Moving into new territory with the installation of a haunt at a historic site in Canada
I was thinking this blog should probably be called A Scott After Opening Dark, because it’s all about my first experience in Canada opening a new haunt in Edmonton, Alberta, called “Dark.” For this blog, my plan was to get interviews with some of the co-creators and actors, but, as we all know when opening an attraction—especially when it’s never happened before—things get a little wacky and crazy. So, no interviews with those people, although I did do one with myself, which we’ll get to in a bit. I’ve got lots to tell you about this haunt experience.
The Genesis of “ Dark ”
Basically, Dark is a three-haunt experience that takes place in Fort Edmonton Park, which is an outdoor museum similar to Colonial Williamsburg here in the States. They’ve replicated different streets to represent particular areas and times in Canadian history and, specifically, Edmontonian history. There’s a main fort, which wasn’t a military fort it but a trapper’s fort; and areas themed to 1885, 1905, and the 1920s.
I began working on this haunt last March, and there have been many, many different iterations, many different versions of this project. We finally settled on me being the writer and consultant for the installation of this three-haunt Halloween experience.
The folks at Fort Edmonton Park have done Halloween experiences before. They did a more family- and kid-friendly Halloween experience called Spooktacular, but, for this past year, they decided they wanted to ramp up things and make them scarier with an eye to audiences 14 years and older. They contacted me, and I helped them write out three different storylines that utilized their assets—the historic buildings, the historic streets, the wagons, and as much stuff on site as possible. The cool thing for me was, I love a challenge, but I also liked the opportunity of having all of these incredibly detailed and themed buildings and sets that we didn’t have to build.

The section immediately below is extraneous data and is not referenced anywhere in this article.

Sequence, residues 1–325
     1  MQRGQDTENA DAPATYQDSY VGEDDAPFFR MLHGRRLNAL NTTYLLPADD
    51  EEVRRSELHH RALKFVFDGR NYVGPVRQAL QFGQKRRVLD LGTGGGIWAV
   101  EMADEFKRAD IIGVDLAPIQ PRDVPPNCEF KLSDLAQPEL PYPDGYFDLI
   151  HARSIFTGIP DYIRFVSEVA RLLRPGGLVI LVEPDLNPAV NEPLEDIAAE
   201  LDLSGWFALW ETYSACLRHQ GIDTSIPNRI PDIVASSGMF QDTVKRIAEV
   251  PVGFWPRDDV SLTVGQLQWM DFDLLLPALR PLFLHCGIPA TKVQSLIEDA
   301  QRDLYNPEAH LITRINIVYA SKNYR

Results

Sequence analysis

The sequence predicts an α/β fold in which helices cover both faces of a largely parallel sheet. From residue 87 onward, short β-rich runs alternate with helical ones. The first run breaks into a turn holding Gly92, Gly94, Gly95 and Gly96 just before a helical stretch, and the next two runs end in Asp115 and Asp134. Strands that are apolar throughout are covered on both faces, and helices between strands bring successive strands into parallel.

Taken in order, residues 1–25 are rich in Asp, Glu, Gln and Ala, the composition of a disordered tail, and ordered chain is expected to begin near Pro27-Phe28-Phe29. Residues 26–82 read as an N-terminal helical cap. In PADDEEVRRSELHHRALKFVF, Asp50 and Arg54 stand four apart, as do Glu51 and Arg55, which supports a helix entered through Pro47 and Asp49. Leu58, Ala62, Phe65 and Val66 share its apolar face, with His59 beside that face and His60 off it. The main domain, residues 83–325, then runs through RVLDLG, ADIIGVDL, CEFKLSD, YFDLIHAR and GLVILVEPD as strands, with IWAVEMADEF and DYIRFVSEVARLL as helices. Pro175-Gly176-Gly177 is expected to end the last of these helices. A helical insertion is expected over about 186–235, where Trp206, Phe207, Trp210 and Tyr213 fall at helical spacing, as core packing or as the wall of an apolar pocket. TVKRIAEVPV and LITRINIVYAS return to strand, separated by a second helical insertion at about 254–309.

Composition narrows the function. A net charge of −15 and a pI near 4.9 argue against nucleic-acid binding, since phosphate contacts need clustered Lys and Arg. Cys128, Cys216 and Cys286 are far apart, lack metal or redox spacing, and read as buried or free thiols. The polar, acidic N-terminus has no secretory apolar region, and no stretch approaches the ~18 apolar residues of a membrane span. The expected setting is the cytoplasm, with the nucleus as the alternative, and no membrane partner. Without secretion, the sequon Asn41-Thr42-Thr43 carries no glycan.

Three Dark Stories
The first of the three haunts was called Slaughter Pack, which involved a fictional look at Edmonton’s history. The story, which took place in 1885, tells the tale of when werewolves came and inhabited Edmonton and how the village townspeople tried to fight back any way they could. Of course, the Church said the influx of werewolves was because there were too many sinners. The doctor said it was a scientific issue, so he was performing these godawful experiments on the werewolves. Finally, the townspeople rallied and decided they’d all come together and find everything they could that was silver and attack these werewolves. Well, guess what. The werewolves won. So that was one of the haunts.